Freight rail cars may experience high input forces during a coupling event, which could potentially cause damage to the car body and/or lading. The AAR recommended practice states that cars should not be coupled at speeds greater than 4 mph. However, this recommendation is not always followed and cars are often coupled at much higher speeds. As a result, accelerometers on the car body are sometimes used to monitor impact events. Threshold levels may be set to determine if an over-speed or high-force impact event has occurred. However, a single acceleration value can be difficult to interpret because its relationship to impact force is dependent on many factors, including car type, end-of-car device type, lading type, and loading condition. Dynamic modeling and parametric studies may be used to determine these relationships which can be applied in practice.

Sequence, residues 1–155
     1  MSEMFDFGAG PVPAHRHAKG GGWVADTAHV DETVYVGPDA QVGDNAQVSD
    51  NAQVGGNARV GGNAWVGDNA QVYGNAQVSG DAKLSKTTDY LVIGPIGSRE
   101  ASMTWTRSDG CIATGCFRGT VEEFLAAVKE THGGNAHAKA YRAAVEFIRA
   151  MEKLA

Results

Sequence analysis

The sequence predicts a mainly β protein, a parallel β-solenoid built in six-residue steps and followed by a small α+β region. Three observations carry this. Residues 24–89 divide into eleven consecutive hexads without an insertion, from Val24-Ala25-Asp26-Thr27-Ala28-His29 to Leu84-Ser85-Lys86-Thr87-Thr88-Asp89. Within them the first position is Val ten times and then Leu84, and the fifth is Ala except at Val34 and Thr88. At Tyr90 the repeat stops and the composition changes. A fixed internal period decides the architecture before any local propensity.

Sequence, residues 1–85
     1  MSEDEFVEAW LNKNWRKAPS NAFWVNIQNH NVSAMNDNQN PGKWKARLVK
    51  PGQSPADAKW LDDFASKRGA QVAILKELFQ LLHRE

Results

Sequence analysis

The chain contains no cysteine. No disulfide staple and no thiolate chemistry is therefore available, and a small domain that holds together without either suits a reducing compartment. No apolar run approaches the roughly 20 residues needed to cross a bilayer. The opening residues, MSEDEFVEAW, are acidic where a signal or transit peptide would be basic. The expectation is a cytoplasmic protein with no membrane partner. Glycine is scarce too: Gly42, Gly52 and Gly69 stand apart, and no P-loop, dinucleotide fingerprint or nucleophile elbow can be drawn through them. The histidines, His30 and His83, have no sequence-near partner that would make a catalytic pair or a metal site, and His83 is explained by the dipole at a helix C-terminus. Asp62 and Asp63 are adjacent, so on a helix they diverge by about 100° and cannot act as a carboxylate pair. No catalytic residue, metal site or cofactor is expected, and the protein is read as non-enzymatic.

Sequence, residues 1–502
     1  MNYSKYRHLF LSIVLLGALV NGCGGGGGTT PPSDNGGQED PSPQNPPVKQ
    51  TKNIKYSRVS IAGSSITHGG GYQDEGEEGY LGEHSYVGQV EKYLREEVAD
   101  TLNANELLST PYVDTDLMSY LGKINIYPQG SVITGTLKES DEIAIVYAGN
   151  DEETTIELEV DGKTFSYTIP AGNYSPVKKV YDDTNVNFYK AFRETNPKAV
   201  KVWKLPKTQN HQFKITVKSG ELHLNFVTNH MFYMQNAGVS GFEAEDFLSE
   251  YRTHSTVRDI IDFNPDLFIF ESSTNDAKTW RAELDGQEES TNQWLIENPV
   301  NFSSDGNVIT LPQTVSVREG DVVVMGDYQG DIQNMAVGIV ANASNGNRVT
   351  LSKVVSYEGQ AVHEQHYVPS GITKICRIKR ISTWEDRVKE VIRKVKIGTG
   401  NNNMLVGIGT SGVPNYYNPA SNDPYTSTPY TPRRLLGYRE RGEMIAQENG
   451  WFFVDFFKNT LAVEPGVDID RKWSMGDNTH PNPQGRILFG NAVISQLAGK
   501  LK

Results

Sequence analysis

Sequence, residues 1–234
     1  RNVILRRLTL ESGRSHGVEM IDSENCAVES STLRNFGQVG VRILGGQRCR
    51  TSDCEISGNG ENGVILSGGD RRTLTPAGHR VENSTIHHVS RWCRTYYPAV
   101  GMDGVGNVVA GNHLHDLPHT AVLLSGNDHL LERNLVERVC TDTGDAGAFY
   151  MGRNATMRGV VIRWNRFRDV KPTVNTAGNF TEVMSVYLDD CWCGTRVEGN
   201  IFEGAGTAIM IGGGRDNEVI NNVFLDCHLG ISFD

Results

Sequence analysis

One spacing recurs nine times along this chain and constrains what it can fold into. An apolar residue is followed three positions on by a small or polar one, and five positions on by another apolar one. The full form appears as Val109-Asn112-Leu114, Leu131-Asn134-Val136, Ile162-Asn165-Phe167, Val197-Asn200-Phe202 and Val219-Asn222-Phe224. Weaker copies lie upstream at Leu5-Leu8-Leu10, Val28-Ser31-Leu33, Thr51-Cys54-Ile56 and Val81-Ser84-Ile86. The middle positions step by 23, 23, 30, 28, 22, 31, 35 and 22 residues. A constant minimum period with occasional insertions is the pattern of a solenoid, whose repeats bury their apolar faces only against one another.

This paper presents a study on the relationship between struck coupler force and car body acceleration for a series of impacts on a tank car in both loaded and unloaded states. For the loaded condition, the tank was filled with water. The simplest change from an unloaded tank to a loaded tank is the decrease in acceleration for a given force due to the added mass. However, there is additional complexity added to the system due to the sloshing liquid inside the tank. When attempting to model this dynamic system there is added uncertainty in struck coupler force estimation because of the non-linearity in low frequency car body oscillations. Several example data sets are presented in the time and frequency domains to illustrate this point. The data is then used to generate an empirical model using system identification techniques. The results show that the proposed model offers improved characterization of the system as compared to conventional techniques by accounting for the uncertainties introduced by the sloshing liquid in the tank. The proposed technique is computationally efficient and can potentially be implemented in real time. The model is used to estimate struck coupler force and is validated with real data.